When the operators of a U.C. Berkeley alumni campground first contacted the Bay Area’s Strong Brew and One Foot Productions about hosting a music festival in the Stanislaus National Forest near Pinecrest, the producers dreamt of a much larger project. The U.S. Forest Service shuttered their hopes of a Burning Man-esque gathering with years’ worth of paperwork; that’s how long it would take to gather the proper permits for trucking in stages and allowing thousands to gather. So instead, executive producer Kevin Merritt and his team rethought their idea. Out went the massive festival, replaced by an under-the-radar, one-of-a-kind experience for attendees.
Under the new plan, Merritt would hold an intimate meeting that brought live music closer to its audience. What the producers came up with, the Bear Music Fest, created a unique and well-organized event that created a camaraderie between performers and campers.
The U.C. Berkeley bear stood watch over the festivities.
Bay Area favorites The Mother Hips, consisting of Tim Bluhm (Nicki Bluhm and the Gramblers), Greg Loiacono, John Hofer and Scott Thunes, performs at the Camp Gold Campfire. The audience was so enamored with the Mother Hips they were dancing in front of the stage. Country-flavored songs like “Whiskey on a Southbound” brought out the barefooted audience to their feet to enjoy the music into the evening.
Guitarist/keyboardist Kevin So performs at the Camp Gold Campfire. So’s material hopscotched between country (“June Carter Cash” and “Five Days in Memphis”) and the blues (“Fruits of My Labor.”)
Caleb Hawley, originally from Minneapolis, has a soulful voice with not unlike a famous Purple-loving singer-songwriter from the same town. His songs span over an eclectic array of genres. “Sometimes a Good Feeling (Just Can’t Last)” carried more upbeat sounds, while “I Just Want You,” which he mentioned was featured in the film <em>Drumline 2,</em> were more R&B. Throughout ballads like “Wish You Were Mine,” and “Bada Boom Bada Bling,” and a cover of David Bowie’s “Young Americans,” the gathered audience was enraptured and felt all the emotion Hawley put into the performance.
Campers lounge in the hot tub on Sept. 10 while listening to performers Tornado Rider and The Main Squeeze at the Camp Blue Lodge.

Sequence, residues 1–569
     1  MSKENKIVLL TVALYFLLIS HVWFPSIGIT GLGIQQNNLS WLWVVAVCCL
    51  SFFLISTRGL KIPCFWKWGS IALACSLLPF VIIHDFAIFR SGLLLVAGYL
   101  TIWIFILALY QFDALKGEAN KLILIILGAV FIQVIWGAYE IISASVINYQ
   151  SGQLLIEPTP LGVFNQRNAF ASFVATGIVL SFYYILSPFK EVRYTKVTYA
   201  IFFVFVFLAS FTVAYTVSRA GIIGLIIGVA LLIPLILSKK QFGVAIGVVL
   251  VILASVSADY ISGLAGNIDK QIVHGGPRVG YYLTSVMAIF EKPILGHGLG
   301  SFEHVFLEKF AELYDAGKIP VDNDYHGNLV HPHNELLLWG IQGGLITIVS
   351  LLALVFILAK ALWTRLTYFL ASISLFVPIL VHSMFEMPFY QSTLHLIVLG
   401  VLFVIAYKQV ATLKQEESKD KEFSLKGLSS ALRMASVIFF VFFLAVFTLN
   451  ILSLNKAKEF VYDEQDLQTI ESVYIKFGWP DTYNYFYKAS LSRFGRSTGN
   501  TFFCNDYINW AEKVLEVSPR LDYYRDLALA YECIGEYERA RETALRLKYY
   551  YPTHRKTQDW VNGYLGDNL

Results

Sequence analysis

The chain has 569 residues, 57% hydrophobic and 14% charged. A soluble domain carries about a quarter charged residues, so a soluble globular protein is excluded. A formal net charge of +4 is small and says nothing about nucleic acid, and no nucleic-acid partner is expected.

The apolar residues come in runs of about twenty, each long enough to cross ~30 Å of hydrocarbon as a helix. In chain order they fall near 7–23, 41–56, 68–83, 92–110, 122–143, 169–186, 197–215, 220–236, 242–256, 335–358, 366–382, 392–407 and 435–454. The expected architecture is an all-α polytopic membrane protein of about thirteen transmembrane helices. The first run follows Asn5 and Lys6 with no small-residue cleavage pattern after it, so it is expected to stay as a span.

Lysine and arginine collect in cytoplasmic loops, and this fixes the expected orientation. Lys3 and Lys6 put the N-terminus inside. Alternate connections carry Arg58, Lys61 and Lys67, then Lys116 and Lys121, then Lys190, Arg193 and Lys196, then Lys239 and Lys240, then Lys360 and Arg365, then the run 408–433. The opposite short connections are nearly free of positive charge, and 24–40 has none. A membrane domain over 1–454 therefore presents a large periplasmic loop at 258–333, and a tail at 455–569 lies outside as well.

Oakland punk rockers Tornado Rider, with singer-cellist Rushed Eggleston, brought their audience to their feet with songs like “I Peed on a Bird.” Their set emanated exuberant fun.
Austin singer-songwriter Menna, described as “wild as a mink, sweet as soda pop,” covered Joni Mitchell’s “Woodstock.” She also introduced a new song “Good Morning,” which was she said she wrote with the hope that one day that she and her husband could spend time together without work separating them. While encores came few and far between at the festival, the audience demanded one from her. Menna obliged with another original song.
GQ and JQ, a theatrical Chicago duo who go by Q Brothers, performed a production called “Q Gents,” a hip hop twist to Shakespeare’s The Two Gentlemen of Verona. The humorous performance, which included audience participation, kept their crowd engaged. The performance, which included DJ KP, ended with Simple Minds’ iconic “Don’t You (Forget About Me).”
An electro-pop duo Eugene Marie incoporates nature sounds, like the crunching of pine needles, to numerous unique samples into their songs. During their performance at Bear Music Fest, the duo used background sounds from Beatles’ songs to compose their songs. Smoky-voiced vocalist Lucy Horton said she finds inspiration from random events in life. “Nice Smell,” was a tribute to catcalls, and featured a sample of a German homeless man singing the blues.
Funk, soul and rock band The Main Squeeze created a dance party on the deck of the Camp Blue Lodge with songs like “Message to the Lonely.” Guitarist Maximillion Newman and silky-voiced singer Corey Frye kept their new-found fans awestruck.
Greg Loiacono of The Mother Hips – The Mother Hips guitarist showcased his vocals during this performance and welcomed lead singer Tim Bluhm as backup vocals and guitar. Bassist Scott Thunes of the Mother Hips also contributed and brought along his daughter Hazel to lend her backup vocals. Lyrics including “let the music shatter the illusion of control” resonated with audience members and the impact of the words moved them.
San Francisco funk, hip hop and reggae band Bayonics entertain a poolside audience on Sunday, Sept. 11. Singer Rojai also emceed the performance. The band’s musicians include a trumpeter and saxophonist that created a bit of an island vibe.
See the rest of the gallery below.